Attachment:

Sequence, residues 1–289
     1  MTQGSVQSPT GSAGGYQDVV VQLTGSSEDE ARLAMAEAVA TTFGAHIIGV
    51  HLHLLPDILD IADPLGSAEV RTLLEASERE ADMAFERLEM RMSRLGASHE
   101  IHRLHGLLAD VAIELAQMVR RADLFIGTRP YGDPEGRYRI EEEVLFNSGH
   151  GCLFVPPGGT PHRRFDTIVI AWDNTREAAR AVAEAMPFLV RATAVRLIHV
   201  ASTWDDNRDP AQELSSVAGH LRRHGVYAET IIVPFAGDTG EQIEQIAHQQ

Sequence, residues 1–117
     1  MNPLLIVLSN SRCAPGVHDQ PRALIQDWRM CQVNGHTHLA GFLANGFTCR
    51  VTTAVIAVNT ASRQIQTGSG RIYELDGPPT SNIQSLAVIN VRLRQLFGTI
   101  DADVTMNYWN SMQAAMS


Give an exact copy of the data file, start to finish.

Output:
Sequence, residues 1–289
     1  MTQGSVQSPT GSAGGYQDVV VQLTGSSEDE ARLAMAEAVA TTFGAHIIGV
    51  HLHLLPDILD IADPLGSAEV RTLLEASERE ADMAFERLEM RMSRLGASHE
   101  IHRLHGLLAD VAIELAQMVR RADLFIGTRP YGDPEGRYRI EEEVLFNSGH
   151  GCLFVPPGGT PHRRFDTIVI AWDNTREAAR AVAEAMPFLV RATAVRLIHV
   201  ASTWDDNRDP AQELSSVAGH LRRHGVYAET IIVPFAGDTG EQIEQIAHQQ

Sequence, residues 1–117
     1  MNPLLIVLSN SRCAPGVHDQ PRALIQDWRM CQVNGHTHLA GFLANGFTCR
    51  VTTAVIAVNT ASRQIQTGSG RIYELDGPPT SNIQSLAVIN VRLRQLFGTI
   101  DADVTMNYWN SMQAAMS